Attractive Range of Vehicles is Critical for Dealers and Automakers to Succeed

J D Power Asia Pacific 2013 India DSWAMI Study

One-in-five dealers in India expect to take a financial loss in 2013, more than double the number compared with 2012, and only 44 percent of dealers expect to make a profit for the 2012-2013 financial year, according to the J D Power Asia Pacific 2013 India Dealer Satisfaction with Automotive Manufacturers Index (DSWAMI) Study released on May 31. 

“Declining profitability for dealerships in India not only highlights the impact that the slowdown in new-vehicles sales has on the viability of a growing number of dealers, but also underlines the importance placed on automakers to provide adequate support to their respective networks” said Mohit Arora, Executive Director, J D Power Asia Pacific. 

Now its third year, the study measures dealer satisfaction with vehicle manufacturers or importers in India and identifies dealer attitudes regarding the automotive retail business. Overall dealer satisfaction is determined by examining nine factors: marketing and sales activities; product; vehicle ordering and delivery; sales team; parts; warranty claims; after-sales team; training; and support from the manufacturer. 

The study provides feedback on how dealers view their relationship with automakers, the outlook on their financial viability and identifies areas for improvement. In particular, with the slowdown in India’s GDP growth and decline in new-vehicle sales, the study is able to provide automakers with important information on how best to assist dealers in achieving their overall business objectives. 

Need to improve the supply chain 

In 2013, the largest decline in dealer satisfaction is in parts operations, with notable brand level declines around the prompt delivery of parts and ease of ordering parts. 

“This highlights the need for some automakers to further support dealers with an improved and more efficient supply chain,” said Mohit Arora, Executive Director, J D Power Asia Pacific. “Improving the speed of parts delivery not only allows for work orders to be handled more efficiently, but also ensures customers are not troubled by unexpected delays or extended wait times.” 

Decline in satisfaction with the product lineup 

An attractive range of vehicles remains critical for both dealers and automakers to succeed in any market. The study shows a large variance in dealers’ opinions on the competitiveness of their brand’s model lineup. On average, 82 per cent of dealers indicate their brand provides a model range that can effectively compete in the highly contested Indian auto market. However, fewer than 65 per cent of dealers for some of the volume brands indicate the same.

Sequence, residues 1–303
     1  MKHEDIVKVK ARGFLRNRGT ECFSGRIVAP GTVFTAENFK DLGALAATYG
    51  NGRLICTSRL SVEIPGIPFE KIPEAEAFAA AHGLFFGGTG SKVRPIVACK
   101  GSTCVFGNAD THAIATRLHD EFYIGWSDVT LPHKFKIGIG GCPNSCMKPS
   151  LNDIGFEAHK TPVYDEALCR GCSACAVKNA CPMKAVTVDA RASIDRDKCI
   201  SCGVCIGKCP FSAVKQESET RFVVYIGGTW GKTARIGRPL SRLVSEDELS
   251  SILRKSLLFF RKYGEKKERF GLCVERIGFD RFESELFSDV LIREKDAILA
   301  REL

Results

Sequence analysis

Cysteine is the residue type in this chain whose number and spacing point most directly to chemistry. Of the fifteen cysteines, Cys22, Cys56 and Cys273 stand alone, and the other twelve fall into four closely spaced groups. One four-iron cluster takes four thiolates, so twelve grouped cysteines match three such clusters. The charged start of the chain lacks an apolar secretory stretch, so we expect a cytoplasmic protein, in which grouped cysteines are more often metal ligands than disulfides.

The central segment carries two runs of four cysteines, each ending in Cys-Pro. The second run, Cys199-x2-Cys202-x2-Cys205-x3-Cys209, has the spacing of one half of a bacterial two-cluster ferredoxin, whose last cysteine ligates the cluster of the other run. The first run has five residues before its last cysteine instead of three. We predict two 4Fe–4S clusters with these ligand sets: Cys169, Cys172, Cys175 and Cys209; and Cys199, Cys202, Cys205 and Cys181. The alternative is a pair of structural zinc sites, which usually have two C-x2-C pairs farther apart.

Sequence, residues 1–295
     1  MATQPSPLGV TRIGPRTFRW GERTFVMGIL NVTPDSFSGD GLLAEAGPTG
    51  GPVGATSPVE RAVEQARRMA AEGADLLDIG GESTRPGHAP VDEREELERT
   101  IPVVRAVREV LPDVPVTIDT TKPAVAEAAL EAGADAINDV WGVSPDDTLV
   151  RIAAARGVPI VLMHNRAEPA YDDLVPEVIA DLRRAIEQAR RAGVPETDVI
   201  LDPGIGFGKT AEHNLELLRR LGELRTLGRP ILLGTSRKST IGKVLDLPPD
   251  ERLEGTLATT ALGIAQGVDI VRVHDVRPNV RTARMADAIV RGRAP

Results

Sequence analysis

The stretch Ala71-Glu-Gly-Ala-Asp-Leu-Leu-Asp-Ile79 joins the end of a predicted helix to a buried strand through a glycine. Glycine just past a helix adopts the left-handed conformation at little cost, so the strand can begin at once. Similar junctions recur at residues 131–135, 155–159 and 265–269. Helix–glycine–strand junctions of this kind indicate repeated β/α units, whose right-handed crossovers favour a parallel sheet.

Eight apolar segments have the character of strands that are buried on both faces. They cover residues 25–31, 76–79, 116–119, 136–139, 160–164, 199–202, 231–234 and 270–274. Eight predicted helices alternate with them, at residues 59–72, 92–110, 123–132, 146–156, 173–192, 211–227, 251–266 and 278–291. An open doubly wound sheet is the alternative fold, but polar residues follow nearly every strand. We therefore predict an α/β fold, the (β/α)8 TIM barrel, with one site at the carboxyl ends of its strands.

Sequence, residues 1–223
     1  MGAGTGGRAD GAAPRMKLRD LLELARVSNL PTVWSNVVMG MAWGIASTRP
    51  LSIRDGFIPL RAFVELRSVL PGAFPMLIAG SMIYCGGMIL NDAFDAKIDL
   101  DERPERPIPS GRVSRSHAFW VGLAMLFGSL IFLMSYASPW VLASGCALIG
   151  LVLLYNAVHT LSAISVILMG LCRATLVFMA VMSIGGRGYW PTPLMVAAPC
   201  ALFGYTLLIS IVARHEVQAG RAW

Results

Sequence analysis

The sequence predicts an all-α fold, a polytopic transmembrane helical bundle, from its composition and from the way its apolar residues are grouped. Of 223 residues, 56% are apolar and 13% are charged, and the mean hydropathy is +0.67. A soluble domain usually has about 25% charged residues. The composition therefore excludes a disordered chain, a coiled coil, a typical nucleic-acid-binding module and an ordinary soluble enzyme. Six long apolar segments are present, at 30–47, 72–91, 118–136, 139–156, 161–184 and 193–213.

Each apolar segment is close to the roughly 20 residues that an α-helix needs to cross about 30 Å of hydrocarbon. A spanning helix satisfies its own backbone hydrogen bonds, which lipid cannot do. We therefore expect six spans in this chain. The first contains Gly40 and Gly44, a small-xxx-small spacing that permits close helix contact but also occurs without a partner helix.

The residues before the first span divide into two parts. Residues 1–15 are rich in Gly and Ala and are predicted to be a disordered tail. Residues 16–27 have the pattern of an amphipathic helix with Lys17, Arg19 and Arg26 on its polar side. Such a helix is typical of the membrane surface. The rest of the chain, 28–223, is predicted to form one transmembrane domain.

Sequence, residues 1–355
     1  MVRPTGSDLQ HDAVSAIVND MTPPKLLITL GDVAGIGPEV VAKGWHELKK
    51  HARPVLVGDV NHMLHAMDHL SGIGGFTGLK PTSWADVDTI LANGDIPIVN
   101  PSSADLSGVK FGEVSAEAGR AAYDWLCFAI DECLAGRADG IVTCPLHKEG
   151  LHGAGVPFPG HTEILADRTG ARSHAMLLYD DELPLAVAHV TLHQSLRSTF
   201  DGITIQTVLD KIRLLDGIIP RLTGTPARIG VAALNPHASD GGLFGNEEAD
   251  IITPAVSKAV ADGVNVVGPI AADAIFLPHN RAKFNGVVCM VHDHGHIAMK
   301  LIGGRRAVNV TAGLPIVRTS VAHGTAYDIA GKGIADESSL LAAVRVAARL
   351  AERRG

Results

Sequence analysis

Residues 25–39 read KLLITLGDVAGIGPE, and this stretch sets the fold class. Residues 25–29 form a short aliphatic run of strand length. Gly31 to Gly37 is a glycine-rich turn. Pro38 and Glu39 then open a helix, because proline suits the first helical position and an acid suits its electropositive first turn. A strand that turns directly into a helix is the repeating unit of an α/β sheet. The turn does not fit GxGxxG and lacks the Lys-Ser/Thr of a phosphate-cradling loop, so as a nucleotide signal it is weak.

“With changes in customer preferences, the industry needs to adapt by providing a contemporary lineup across the main and niche segments,” said Arora. “The importance for both automakers and dealers in the market is the need to increase customer traffic in the showrooms with an attractive model range.” 

Dealers must diversify to survive the headwinds 

The study finds that it is important for dealers to diversify their revenue base in order to mitigate any sudden decreases in their income and protect their viability during a slowdown in new-vehicle sales. Dealers that increase their share of revenue on after-sales maintenance and repair work—as well as promote other parts of their business, such as finance and insurance, spare parts and accessories and used-vehicles—can better spread their risk. 

The study finds that the main revenue sources for dealerships are service (29%), new-vehicle sales (28%) and spare parts (14%). 

High satisfaction comes from collaboration 

Among the manufacturers included in the 2013 study, Maruti Suzuki and Toyota perform particularly well in overall satisfaction. Dealer satisfaction for both manufacturers has improved from 2012. 

“The success of Maruti Suzuki and Toyota not only demonstrates the automakers’ commitment to ensuring the dealers’ operations are viable, but also their active support regarding such areas as training, marketing and sales activities,” said Arora. 

On average, 88 per cent of dealers believe that they definitely would continue to work with their automaker in two years. Among dealers in the top quartile of satisfaction, 98 per cent expect to be working with the same automaker in 2015. In contrast, dealers who rate their experience with the automaker in the bottom quartile of satisfaction, only 72 per cent expect to be working with the same nameplate in two years’ time. 

The study is based on responses from 618 dealership general managers or dealer principles across all main nameplates. The study was conducted in association with the Federation of Automobile Dealers Associations (FADA), and was fielded between February and April 2013. 

 

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